The following is the list of CEMP Parameters of Concern:

Temperature: water temperature is one of the most important water quality parameters we test. It controls metabolic and reproductive activities in organisms, and determines species composition. Temperature also affects dissolved oxygen and can influence bacterial growth, and chemical reactions in water.

Conductivity: conductivity measure water’s ability to pass an electric current, and can be used to indicate the dissolved solids or ion content of the water. Conductivity in streams is affected primarily by the geology of the area, but may also be affected by human sources such as septic systems or runoff.

Dissolved Oxygen (DO): DO is one of the most important indicators of a water body’s ability to support aquatic life. It is essential for the basic metabolic processes of animals and plants inhabiting our streams.

pH: pH is a measure of the acidity or alkalinity of a solution. pH affects many chemical and biological processes in the water.

Phosphorus: phosphorus is an essential nutrient in the aquatic food web, and is usually in short supply in waters of south-central Alaska, so even a modest increase can stimulate growth of algae in streams. The many sources of phosphorus include wastewater treatment plants, runoff from fertilized lawns, septic systems, animal manure, and runoff from disturbed land areas.

Nitrate: similar to phosphorus, nitrogen is required by all organisms for the basic processes of life to make proteins, to grow, and to reproduce. Nitrogen is found in many forms in water, and the sources are similar to those that contribute to phosphorus levels.

Turbidity: turbidity measures water clarity. Any material mixed and suspended in water will reduce its clarity and make the water turbid. High turbidity levels can be disruptive to aquatic systems in various ways including: 1) interfering with the passage of light through water, 2) clogging the gills of some fish species, 3) causing an increase in water temperature since suspended particles absorb more heat resulting in a reduction of dissolved oxygen since warmer water holds less oxygen, and 4) smothering fish eggs and benthic macroinvertebrates.

E. Coli Bacteria: while coliform bacteria are natural and most are harmless, the presence of high levels of coliform bacteria and, in particular, of fecal coliforms may indicate that sewage is being discharged into the water. Certain species of pathogenic bacteria can cause typhoid fever, dysentery, and cholera.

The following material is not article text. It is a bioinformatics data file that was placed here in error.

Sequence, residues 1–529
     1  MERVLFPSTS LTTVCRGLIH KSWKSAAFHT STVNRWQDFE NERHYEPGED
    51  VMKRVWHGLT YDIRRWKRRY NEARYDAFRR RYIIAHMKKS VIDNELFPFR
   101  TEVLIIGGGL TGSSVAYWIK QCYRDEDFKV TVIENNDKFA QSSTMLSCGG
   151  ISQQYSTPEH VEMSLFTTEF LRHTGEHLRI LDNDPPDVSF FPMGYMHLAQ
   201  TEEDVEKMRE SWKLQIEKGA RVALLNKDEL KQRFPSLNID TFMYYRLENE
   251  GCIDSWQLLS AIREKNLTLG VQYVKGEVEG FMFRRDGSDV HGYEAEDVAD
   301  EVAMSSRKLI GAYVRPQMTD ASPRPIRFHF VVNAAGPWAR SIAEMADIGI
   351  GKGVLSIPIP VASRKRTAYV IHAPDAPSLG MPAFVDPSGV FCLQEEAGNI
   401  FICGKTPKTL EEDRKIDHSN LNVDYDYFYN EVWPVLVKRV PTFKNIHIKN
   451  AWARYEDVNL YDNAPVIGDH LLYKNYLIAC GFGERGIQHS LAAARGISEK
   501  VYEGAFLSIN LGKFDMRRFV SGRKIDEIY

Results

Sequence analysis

Friday, November 23, 2007

Thanksgiving Dinner

What a great day we had yesterday!

Dinner was held over at my brother’s house, a buffet type affair. We all brought too much food, of course. A sign-up sheet had been circulated a head of time so we didn’t have very many duplicates and no holes (except for the mashed potatoes that accidentally got dropped on the way in).

Mother made what she calls “dead baby chickens” – otherwise known as Cornish Game Hens – instead of turkey this year. My brother Stewart brought a spiral-cut ham, too. Plenty of meat for the carnivores in the family. There were all kinds of salads, veggies, fruit, and pies to round it all off.

All told, there was about 30 people, ranging in age from about 1.5 to 86. My niece even called in from college over in Scotland, so we all gave her a very loud “Happy Thanksgiving!”

Lets see if I can name everybody: Mother, Stan, Dorothy, Stewart, Julie, Kelly, Danny, Tara, Laurel & her partner, Gareth & his girlfriend, Robin & his wife, Hank, Noel, Lauren, Katy (via phone), Henry, Martha, Myself, Heather, Reed, Chris & Sara, Tucker, Lisa, Mark, Madelyne, Mabel, Pam, Gleo, and Zieh & Dave – but they had to leave early.

My other niece, Lauren, has just returned from Seattle where she went to have surgery. She was still quite swollen and could only eat mashed potatoes, but at least she was there. She regaled everybody with stories of her horrible surgery and showed off the metal pins holding her jaw together.